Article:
Thanks to a new addition to the family I had the opportunity late last year to reevaluate the household expenses. One monthly charge that wasn’t going to work anymore was the fairly hefty fee I was paying to Squarespace each month. Don’t get me wrong, Squarespace is a fine service for hosting a website but given the fairly meager amount of traffic I get it just wasn’t worth the $10 per month. Pretty quickly I settled on GitHub Pages as the most viable and lowest cost alternative. After getting everything up and running, I think it provides a better writing experience too.

You can host a site on GitHub Pages for free. It even supports SSL and handles all the BS that it can bring by simply checking a box. Putting all the pieces together takes a little bit of work, but I would say that if you’re a person who used to be comfortable managing Wordpress on your own via a host like Dreamhost then you can figure out GitHub Pages.

You can simply upload static HTML pages, but the more robust approach is to use a static site generator like Jekyll. There are a number of static site generators out there that run based on different languages, but since Jekyll is baked into GitHub Pages it’s probably your best bet.

Installing Jekyll on your local machine is fairly simple, although I find Ruby to be kind of clunky. At one point I took a break from this project and when I returned the whole thing seemed broken. A couple trips to Stack Overflow got things going again though and it’s been smooth sailing ever since. You should also be careful to install the version of Jekyll that is supported by Github Pages…as of the date of this post GitHub doesn’t support the current (4.0.0) version of Jekyll.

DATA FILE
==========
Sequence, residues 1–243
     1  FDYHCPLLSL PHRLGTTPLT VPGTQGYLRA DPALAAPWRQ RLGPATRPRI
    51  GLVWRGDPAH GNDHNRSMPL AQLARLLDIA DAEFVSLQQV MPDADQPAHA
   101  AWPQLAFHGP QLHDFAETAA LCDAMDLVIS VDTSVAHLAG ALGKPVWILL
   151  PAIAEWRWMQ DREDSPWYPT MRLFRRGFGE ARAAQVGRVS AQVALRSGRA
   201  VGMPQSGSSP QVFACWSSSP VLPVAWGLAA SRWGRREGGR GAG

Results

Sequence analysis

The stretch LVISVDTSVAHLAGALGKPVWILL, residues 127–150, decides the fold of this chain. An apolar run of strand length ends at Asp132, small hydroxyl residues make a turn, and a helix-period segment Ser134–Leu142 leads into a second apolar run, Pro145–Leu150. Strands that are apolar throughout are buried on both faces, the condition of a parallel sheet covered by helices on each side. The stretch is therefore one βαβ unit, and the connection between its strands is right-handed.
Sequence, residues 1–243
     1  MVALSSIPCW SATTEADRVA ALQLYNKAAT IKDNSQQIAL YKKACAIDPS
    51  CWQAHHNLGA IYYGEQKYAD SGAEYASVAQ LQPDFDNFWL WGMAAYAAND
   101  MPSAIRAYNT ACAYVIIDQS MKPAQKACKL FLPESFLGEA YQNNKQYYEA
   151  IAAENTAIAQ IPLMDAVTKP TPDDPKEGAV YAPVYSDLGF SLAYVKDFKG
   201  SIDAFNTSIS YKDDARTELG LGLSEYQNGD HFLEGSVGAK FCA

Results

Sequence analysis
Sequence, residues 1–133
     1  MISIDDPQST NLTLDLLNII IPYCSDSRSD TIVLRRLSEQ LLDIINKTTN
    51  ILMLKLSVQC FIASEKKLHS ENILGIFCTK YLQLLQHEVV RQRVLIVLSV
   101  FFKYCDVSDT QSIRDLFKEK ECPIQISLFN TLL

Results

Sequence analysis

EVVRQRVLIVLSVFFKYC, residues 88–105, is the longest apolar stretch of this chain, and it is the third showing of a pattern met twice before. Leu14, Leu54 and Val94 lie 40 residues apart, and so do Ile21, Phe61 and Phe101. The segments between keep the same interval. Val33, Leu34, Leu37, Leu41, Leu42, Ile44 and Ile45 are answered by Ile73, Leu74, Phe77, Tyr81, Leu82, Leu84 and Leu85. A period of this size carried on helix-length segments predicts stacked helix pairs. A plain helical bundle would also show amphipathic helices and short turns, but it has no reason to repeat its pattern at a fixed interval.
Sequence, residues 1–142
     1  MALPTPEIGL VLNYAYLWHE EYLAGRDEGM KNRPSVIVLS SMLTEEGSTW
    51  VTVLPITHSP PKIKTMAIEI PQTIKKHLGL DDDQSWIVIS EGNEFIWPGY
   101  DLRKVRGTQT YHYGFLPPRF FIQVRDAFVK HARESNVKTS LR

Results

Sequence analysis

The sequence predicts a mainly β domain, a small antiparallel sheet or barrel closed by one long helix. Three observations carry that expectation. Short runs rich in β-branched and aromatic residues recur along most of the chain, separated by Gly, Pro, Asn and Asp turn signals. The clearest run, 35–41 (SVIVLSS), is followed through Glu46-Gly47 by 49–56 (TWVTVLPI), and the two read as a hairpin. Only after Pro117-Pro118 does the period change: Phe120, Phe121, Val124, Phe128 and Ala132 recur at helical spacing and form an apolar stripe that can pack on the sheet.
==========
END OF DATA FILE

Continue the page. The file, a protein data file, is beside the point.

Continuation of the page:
Working with page templates and style sheets in Jekyll is fairly straight forward. I got out of the web development game before CSS frameworks became a thing, but I found the Sass framework to be pretty simple to work with. The only real hurdles I encountered related to footnote styling and how to create linked list (aka Daring Fireball style) posts but those were dealt with over the course of a couple evenings.

Once I settled on a look and feel for the site, I started work migrating content from the old site to the new. There is a script that can help with this, but you’ll want to QC everything that comes over. I also took that opportunity to prune out some posts that didn’t really stand up over time and didn’t have much archival value either.

The final product is quite nice. The HTML that’s generated is super clean, loads quickly, and supports unique styles for phones and iPads. If you’re currently using Wordpress you’ll also appreciate that since all the content is static you won’t find yourself scrambling to patch some plugin before your site gets covered up in malicious garbage.

I noodled around on this project for a couple months, but I’d say that with the appropriate amount of focus a person could have a fully customized and configured site up over a long weekend or over the course of a week working in the evenings. Hopefully this new setup will help me spend more time generating content instead of fiddling with the site or dealing with weird Markdown conversion issues. I’d like to give a special shout out to Pablo Gonzalez Alba whose series of posts about Jekyll proved to be just the documentation that I couldn’t find in the official docs.